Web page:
Bus terminal in Mersin.
Everyone was fantastically helpful and kind. A Kurdish Turk walked me all the way to the bus and arranged on my behalf. I got inside the bus and dozed off. A few hours later it was time to leave the bus and get into a minibus. Ten minutes later the driver stopped in front of a booking agency and hinted that I had reached my goal. The writing on the window hinted that the agency offered ferry tickets to Cyprus and Lebanon. Inside a weirdly reserved gentleman told me that there are no ferries from Tasucu to Lebanon anymore. Now if you check out Tasucu on a map you’ll quickly discover that you’ll have a great overview of the entire town just by getting up on a chair. It’s not a big place but it is really charming. This man would know if there was no ferry - wouldn’t he? He works with travel and even more specifically by selling ferry tickets. I insisted that Perçin had spoken to someone and confirmed that there is a ship leaving today. It took a long while before the reserved man gave in and told me to try another company 1 km (0.6 mi) down the road. I found it after walking half the distance. I got my ticket and had to do the entire booking in Arabic! Quite a challenge as I don’t speak the language but apparently I speak enough. That ticket cost me $160!! For that amount of money I was expecting a cabin and food. However it was just the fare and nothing more. I was told to reach the terminal by 19:00.
I had some soup and bread. Then I notified the Lebanese Red Cross, Maersk in Beirut, Raymond (my friend in Beirut) and a few others that I was now only 24 hours away. All of these people have been following my every step closely for the past month in denial of how hard it had been for me. And really my struggles with reaching Lebanon have been surreal! We will get a lot more into the extraordinary history of Lebanon next week but just for now I can mention that Beirut (the capital) used to be seen as the “European gateway to the Middle East” and has often been referred to as the “Paris of the Middle East”. I cannot believe the struggles I’ve had to get there but they have been real!
Back to the story...I was at the terminal at 18:30 and saw Tallal standing there on a parking lot just inside the fence. Port Security waved me in and told me to go and stand on the parking lot too. I briefly met Tallal at the agency when I bought my $160 ticket. It appeared that we were the only two passengers who were not truck drivers. It was cold. It was really cold and Tallal and I stood there stomping our feet for 2.5 hours before we were allowed to go inside the heated terminal and wait. There was nothing at the parking lot. No toilet. No kiosk. Just the tarmac. Inside the terminal I quickly fell asleep sitting on a bench. Finally we cleared immigration and the police checkpoints and made our way onboard the ship just before midnight. There was no bed and no food. The ship appeared to be in good condition but a crew member told us that a cabin would costs an additional $100. That basically meant that I would be sleeping on a bench.
My $160 luxury night on a bench. Night no. 2 for those counting.
The ship was a RORO vessel which means “roll on - roll off”. It ferries trucks across the Mediterranean between Turkey and Lebanon and as far as I can gather management has also made a business out of selling tickets to passengers although that’s not their core line of business. I wouldn't call it a ferry...I’d call it a ship. I fell asleep on a bench and paid little notice of the slightly rough weather which had the ship rolling. Tallal apparently didn’t sleep much and a few of the truck drivers lost their insides to Neptune’s wrath. It was well over midday the following day (Wednesday) before land was in sight.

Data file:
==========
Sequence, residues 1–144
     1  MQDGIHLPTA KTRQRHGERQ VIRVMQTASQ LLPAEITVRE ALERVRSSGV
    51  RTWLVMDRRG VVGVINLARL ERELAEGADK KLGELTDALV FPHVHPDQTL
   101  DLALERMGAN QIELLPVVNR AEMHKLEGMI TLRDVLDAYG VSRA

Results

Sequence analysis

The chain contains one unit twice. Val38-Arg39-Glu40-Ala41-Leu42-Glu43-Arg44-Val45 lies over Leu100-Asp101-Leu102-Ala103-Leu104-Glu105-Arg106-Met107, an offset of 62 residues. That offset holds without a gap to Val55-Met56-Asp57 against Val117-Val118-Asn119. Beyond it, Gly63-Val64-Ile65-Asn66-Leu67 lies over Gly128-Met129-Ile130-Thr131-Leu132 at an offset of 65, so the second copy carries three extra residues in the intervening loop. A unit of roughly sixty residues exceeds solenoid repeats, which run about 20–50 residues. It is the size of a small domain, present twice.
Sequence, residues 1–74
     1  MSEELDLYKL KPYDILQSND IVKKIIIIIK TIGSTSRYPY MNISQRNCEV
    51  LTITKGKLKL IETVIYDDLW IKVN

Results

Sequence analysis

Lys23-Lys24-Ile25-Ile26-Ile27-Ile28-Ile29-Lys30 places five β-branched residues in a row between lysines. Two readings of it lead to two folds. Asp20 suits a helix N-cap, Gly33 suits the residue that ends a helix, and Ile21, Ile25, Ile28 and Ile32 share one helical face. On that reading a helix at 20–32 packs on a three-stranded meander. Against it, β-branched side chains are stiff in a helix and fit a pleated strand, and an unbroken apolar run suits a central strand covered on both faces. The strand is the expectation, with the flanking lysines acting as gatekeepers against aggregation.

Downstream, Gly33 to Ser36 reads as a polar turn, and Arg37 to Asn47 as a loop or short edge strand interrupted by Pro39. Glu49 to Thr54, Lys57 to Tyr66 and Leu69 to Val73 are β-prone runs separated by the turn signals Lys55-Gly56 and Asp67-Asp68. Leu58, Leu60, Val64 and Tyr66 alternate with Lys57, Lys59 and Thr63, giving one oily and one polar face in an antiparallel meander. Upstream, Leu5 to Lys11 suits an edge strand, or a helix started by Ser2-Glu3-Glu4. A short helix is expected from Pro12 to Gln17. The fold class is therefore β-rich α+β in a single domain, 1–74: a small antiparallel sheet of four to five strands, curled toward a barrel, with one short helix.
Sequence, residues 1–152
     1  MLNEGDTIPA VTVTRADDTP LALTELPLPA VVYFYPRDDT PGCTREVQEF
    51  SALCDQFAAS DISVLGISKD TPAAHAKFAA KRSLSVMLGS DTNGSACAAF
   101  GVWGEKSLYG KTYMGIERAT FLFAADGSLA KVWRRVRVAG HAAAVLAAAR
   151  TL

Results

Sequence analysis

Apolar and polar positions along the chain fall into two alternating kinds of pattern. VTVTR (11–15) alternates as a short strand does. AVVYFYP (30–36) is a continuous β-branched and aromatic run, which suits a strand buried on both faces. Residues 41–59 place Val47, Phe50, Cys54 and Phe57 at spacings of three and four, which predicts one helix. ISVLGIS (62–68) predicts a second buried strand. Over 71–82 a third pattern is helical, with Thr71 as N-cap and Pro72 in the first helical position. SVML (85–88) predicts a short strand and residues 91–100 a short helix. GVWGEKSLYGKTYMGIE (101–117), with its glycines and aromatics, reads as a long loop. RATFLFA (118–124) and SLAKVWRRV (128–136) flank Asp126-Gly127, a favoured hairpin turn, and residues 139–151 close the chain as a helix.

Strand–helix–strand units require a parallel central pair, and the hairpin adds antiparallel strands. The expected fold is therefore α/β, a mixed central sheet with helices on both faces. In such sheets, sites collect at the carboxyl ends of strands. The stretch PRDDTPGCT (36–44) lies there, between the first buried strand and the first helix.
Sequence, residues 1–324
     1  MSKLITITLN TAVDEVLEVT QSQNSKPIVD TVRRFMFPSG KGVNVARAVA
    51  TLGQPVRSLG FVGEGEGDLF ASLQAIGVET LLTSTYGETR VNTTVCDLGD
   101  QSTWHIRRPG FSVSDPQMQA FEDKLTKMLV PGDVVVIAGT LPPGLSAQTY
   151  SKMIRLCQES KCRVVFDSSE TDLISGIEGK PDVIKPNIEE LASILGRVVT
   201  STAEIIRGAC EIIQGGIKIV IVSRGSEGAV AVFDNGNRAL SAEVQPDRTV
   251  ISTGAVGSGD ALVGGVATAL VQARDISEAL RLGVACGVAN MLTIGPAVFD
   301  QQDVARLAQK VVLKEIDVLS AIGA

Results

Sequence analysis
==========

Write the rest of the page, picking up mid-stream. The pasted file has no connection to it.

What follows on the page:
Arriving in Tripoli, Lebanon.
Tripoli appears to be a city well worth visiting but I wanted to reach Beirut ASAP! As soon as immigration let me into the country, which was rather hassle free although time consuming, a taxi got me to a bus and a two hour bus drive got me to Beirut, where I met up with Raymond. Raymond is a friend of a friend of a friend. He works at LWIS City International School and has set me up with a place to sleep with his friends Margaret and her husband John. A very sweet couple who have been kind enough to open their doors to a complete stranger. Raymond and I went out for some Lebanese cuisine that same evening and got to know each other a little better. We had been communicating online for a long time but this was our first face to face meeting. He’s a really solid guy and once again we prove that a stranger is a friend you’ve never met before ;)
So I’m now in Lebanon - finally! The first country of the Middle East. I’ve had a few nights of good rest and I’m feeling much better. I’ve been visiting embassies, arranging for practicalities and setting up meetings. The Saga never sleeps ;)
My first Lebanese meal in Lebanon. About time!! :)
If you’ve been following the blog for a while then you know I’m pretty honest in my writing. That is why I feel I can let you know that I’m not overwhelmingly happy about the results of the crowdfunding campaign. It ended a few days ago and reached 42% of the target amount. That means I need to look for an additional 58% to fund the remaining Saga. However I am thoroughly impressed that the campaign managed to collect $20,752 (€17,625 / kr 131,209) through just 395 donations! That is an incredible average of $53/donation. Some have even donated several times! A big thank you to every person who contributed! In the light of that the Saga has roughly 30,000 online followers I feel I have failed in motivating and reaching people. But heck! $20,752 will go a long way even after the initial costs for Indiegogo and campaign items have been covered. $20,752 divided by $20/day is 1,038 days of travel which is 2 years and 308 days so it should do fine for the remaining project. However it will not pay back the debt from the past few years since the sponsorship came to an end. Besides I really should invest in a PC as this takes way too much time...another blog for you typed out on my smartphone.
Around here we keep on keeping on ;)
Mr. Torbjørn C. Pedersen (Thor) - always trying! ;)
"A stranger is a friend you've never met before"
Once Upon A Saga